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CULTIVATION

Tree nut cultivation and harvesting greatly depends on the variety and growing region.

Almond trees require mild winters followed by a long, warm growing season. Trees should be planted in moist soil 15 to 20 feet apart, and the orchard floor should be smooth, bare, and firm. Between late February and early March, buds burst into light pink and white blooms.

Because most almond trees are not self-pollinating, growers must bring in bees to complete the process. In March and June, the almond shell hardens and the kernel begins to form. By July, the hulls start to split, allowing the shell to dry. When the hulls open completely, it is time to harvest.

Cashew trees require tropical environments with well-drained sandy or loamy soil. Healthy root systems can withstand drought, but adequate rainfall is needed for optimal development. Trees with yellow to gray-brown apples are more resistant to disease and have higher yields.

Trees do not produce fruit until 3 to 5 years after planting, with full production occurring after 10 years. Harvesting season runs from February to May. Cashews are harvested after the nuts fall from the tree. Drying in the sun for 2 or 3 days reduces moisture levels and prevents spoilage. In hotter climes, nuts should be gathered every day.

Pecan trees grow best on hilltops and thrive in warmer climates, often growing more than 70 feet tall with a trunk diameter of up to 6 feet. Unlike almond trees, pecan trees are wind pollinated. For the first 2 years, pecan trees may require double-digit gallons of water a day depending on the season and conditions.

Once mature, a pecan tree will not be damaged by lack of irrigation, although drought can negatively impact yield and nut quality.

Pistachio trees grow best in an arid semi-desert climate with long, dry, hot summers and cool winters. These trees, which begin bearing fruit in 5 to 7 years, are biennial—offering a heavy crop one year and a lighter crop the next.

When it comes to viability, there does not seem to be a maximum lifespan for pistachio trees as they can live for more than a century. In the western United States, pistachios are generally harvested in September or October once the shells have split.

Walnut trees do not produce nuts until they’re about 10 years old, with most production after the age of 30. Typically, heavy nut crops only occur every 2 out of 5 years.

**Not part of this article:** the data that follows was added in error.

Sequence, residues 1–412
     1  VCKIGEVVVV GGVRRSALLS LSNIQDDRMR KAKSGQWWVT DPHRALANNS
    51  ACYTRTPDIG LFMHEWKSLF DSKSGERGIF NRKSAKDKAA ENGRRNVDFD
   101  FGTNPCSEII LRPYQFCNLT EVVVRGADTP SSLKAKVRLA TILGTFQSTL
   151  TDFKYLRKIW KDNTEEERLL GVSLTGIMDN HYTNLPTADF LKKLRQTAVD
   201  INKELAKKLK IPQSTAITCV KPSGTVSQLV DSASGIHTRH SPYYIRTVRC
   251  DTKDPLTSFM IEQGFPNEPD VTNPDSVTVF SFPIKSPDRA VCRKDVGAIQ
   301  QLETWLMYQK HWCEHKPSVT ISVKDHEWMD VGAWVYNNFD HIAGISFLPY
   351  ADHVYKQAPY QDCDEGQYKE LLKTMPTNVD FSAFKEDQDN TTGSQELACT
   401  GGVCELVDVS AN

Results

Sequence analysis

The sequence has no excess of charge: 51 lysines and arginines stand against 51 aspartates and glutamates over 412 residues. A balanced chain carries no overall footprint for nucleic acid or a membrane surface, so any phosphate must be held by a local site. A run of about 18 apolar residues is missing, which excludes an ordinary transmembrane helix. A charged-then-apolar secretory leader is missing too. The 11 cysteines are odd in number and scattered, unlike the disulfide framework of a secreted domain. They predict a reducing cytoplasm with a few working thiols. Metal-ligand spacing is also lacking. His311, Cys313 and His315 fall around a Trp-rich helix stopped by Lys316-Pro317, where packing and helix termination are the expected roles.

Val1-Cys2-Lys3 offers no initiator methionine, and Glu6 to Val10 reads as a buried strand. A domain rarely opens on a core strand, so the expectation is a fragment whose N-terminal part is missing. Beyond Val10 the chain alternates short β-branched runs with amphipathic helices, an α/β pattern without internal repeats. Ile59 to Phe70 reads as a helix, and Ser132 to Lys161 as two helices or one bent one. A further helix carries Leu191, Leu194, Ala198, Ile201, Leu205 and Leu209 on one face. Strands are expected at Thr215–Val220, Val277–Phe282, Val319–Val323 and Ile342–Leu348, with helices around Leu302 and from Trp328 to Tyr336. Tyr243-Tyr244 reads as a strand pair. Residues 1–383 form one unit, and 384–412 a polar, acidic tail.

Walnut trees should be planted with 200 to 300 square feet of space around the base of the tree. Trees grown in the open with large canopies generally produce more nuts than those growing in the forest.

Hazelnut shrubs flourish in areas with cool summers and mild winters. These relatively fast-growing plants expand at a rate of 13 to 24 inches a year and reach a maximum height of 18 feet at maturity.

Hazelnut shrubs do best with ample sunlight: a minimum of 4 hours of direct, unfiltered sunlight every day. Hazelnuts are typically ready for harvesting in September or October.

Macadamias, as subtropical plants, grow best in coastal areas where temperatures range between 50 and 80°F. Mature trees are more resistant to extreme temperatures of up to 100°F. Trees typically begin bearing fruit at 6 to 7 years of age. In Hawaii, macadamias typically drop 8 to 9 months out of the year, generally from July to March. In large-scale operations, mechanical sweepers are used to collect fallen nuts, which are then husked and allowed to air dry or sent to processors.

Brazil nuts grow in lowland subtropical humid regions up to altitudes of 500 meters. These massive trees can live up to 1,000 years. Brazil nut pods are round, hard, coconut-like shells, and each fruit contains 10 to 25 seeds.

Between December and March, the pods start to fall from the trees. Nuts are either allowed to fall naturally or mechanically shaken from trees. If the former, they are collected by castañeros, who crack open pods with a machete, place seeds in sacks, and take them to processing plants in nearby cities.

Pecans are typically harvested in a two-step process. In the fall, a mechanical tree shaker is used to knock about half of the nuts from the tree. Then, after the first hard freeze of winter, when most of the foliage has fallen, the mechanical shaker is used again to remove the remainder of the nuts.

Pistachios are harvested differently. Because these nuts split before harvesting, they should never touch the ground to avoid contamination. Instead, a harvester shakes nuts out of the tree into a catch-frame and receiving bin. Nuts are then sent to processing mills to be hulled and dried.

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